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Ancient Egypt
Introduction > Religion in the Lives of the Ancient Egyptians

The king, Osiris, and the rituals of rejuvination
One of the most significant functions of Egyptian ritual and myth was the reinforcement and protection of the office and body of the king. The most important myth associated the entity of the king with the gods Osiris and Horus. According to the myth, Osiris, the first king of Egypt, was murdered by his evil brother Seth. His death was avenged by Horus, the son of Osiris, and mourned by his sister/wife Isis and her sister Nephthys. This basic outline has myriad variations, the most elaborate version of which appears in the second century AD writings of Plutarch, but the focus of the myth was to associate the living king with the god Horus and his deceased predecessor with his mummiform father Osiris. In this way, each king of Egypt was incorporated into a mythological descent from the time of the gods. The myth also stressed filial piety and obligations of a son to his father. Osiris (or, according to various versions of the myth, at least part of the god's body) was thought to have been buried at Abydos, accounting for the sacred nature of the site throughout Egyptian history.

By the late Old Kingdom, posthumous identification with the god Osiris was adopted by the common people. After death, if they had lived their lives according to Maat and could truthfully confess that they had not committed any mortal sin before the divine judges in the Hall of Two Truths, they were admitted into the company of the gods. Coffins and funerary objects of the New Kingdom record that the name of the deceased was compounded with that of the god, and that the face of coffins belonging to men bore the false beard of Osiris.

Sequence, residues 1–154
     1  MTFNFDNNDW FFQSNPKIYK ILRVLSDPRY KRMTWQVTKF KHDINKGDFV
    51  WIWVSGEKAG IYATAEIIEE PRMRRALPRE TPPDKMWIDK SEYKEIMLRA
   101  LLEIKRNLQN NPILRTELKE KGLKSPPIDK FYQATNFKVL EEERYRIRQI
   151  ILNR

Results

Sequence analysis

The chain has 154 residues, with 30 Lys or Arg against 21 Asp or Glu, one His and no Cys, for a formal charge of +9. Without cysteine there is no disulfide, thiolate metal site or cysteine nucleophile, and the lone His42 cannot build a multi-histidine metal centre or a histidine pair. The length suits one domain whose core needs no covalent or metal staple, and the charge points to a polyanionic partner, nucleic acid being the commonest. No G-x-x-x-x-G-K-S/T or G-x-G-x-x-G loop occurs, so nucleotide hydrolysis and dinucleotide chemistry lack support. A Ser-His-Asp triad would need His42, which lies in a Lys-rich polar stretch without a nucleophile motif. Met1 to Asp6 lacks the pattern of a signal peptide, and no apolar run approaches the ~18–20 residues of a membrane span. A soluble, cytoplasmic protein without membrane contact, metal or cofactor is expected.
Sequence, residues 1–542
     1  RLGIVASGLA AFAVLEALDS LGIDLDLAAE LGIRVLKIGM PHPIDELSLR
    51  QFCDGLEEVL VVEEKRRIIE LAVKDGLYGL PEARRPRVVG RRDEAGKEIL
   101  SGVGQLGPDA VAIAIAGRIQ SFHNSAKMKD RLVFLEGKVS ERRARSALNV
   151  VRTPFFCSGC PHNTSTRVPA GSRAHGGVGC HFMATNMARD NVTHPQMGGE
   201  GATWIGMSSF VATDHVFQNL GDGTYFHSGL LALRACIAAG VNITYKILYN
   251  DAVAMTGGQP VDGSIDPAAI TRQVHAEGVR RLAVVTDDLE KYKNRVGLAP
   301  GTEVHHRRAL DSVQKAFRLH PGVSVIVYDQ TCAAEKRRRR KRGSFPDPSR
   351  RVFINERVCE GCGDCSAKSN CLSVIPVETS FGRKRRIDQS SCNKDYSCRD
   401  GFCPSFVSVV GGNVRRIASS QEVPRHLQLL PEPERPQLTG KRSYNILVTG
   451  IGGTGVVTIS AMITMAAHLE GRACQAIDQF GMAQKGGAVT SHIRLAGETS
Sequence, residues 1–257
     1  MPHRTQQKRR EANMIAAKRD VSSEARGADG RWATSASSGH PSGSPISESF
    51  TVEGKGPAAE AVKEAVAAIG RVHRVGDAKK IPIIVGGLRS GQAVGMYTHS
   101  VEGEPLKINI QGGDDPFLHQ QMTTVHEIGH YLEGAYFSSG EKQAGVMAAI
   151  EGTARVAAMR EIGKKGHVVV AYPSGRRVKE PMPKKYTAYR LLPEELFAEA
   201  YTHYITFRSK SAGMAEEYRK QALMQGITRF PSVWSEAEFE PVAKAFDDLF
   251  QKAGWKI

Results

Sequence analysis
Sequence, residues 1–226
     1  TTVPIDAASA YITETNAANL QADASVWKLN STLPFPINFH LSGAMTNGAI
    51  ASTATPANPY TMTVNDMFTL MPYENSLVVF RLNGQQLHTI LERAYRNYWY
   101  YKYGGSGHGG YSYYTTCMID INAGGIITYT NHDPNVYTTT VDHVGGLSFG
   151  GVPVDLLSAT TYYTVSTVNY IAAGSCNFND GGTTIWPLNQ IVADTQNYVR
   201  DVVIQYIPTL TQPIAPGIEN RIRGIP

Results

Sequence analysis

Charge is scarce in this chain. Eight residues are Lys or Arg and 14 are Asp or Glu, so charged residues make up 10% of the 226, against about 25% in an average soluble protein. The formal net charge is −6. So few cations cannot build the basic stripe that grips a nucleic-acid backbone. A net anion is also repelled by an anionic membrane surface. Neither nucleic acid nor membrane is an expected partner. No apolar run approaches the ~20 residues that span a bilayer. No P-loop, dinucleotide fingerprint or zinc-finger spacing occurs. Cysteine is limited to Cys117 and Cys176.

Many rituals were dedicated to the eternal rejuvenation of the living king. The most important was the Sed festival (also known as the "jubilee"), which is attested from the Early Dynastic Period and was celebrated up to the Ptolemaic era. Throughout most of Egyptian history, the ritual was celebrated on the thirtieth anniversary of the king's accession to the throne and thereafter at three-year intervals. During the course of the festival, the king alternately donned the red crown of Lower Egypt and the white crown of Upper Egypt and, grasping implements such as a slender vase, a carpenter's square, and an oar, ran a circuit between two B-shaped platforms. The king was then symbolically enthroned. Because the central act of the ritual — running the circuit — was physical, the Sed festival may be the vestige of a Predynastic ceremony wherein the king proved his continued virility and physical ability to rule. Although there is great emphasis upon the celebration of the jubilee in annals and autobiographies of courtiers who served kings who celebrated the Sed, little is known about the specific ceremonies.

By the reign of Hatshepsut (Dynasty 18), another ritual was introduced that, like the Sed, emphasized the power of the king. This festival, called Opet, was celebrated annually at Thebes. The ritual took the form of a procession of the sacred barks of the Theban triad (Amun, Mut and Khonsu) accompanied by the bark of the king himself. Once within the sanctuary of the Luxor Temple, the ka (spirit) of the king was rejuvenated for another year by its temporary fusion with the gods.

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Figure 4: The gods Osiris (left) and Horus (right) (after Hobson 1987).  »

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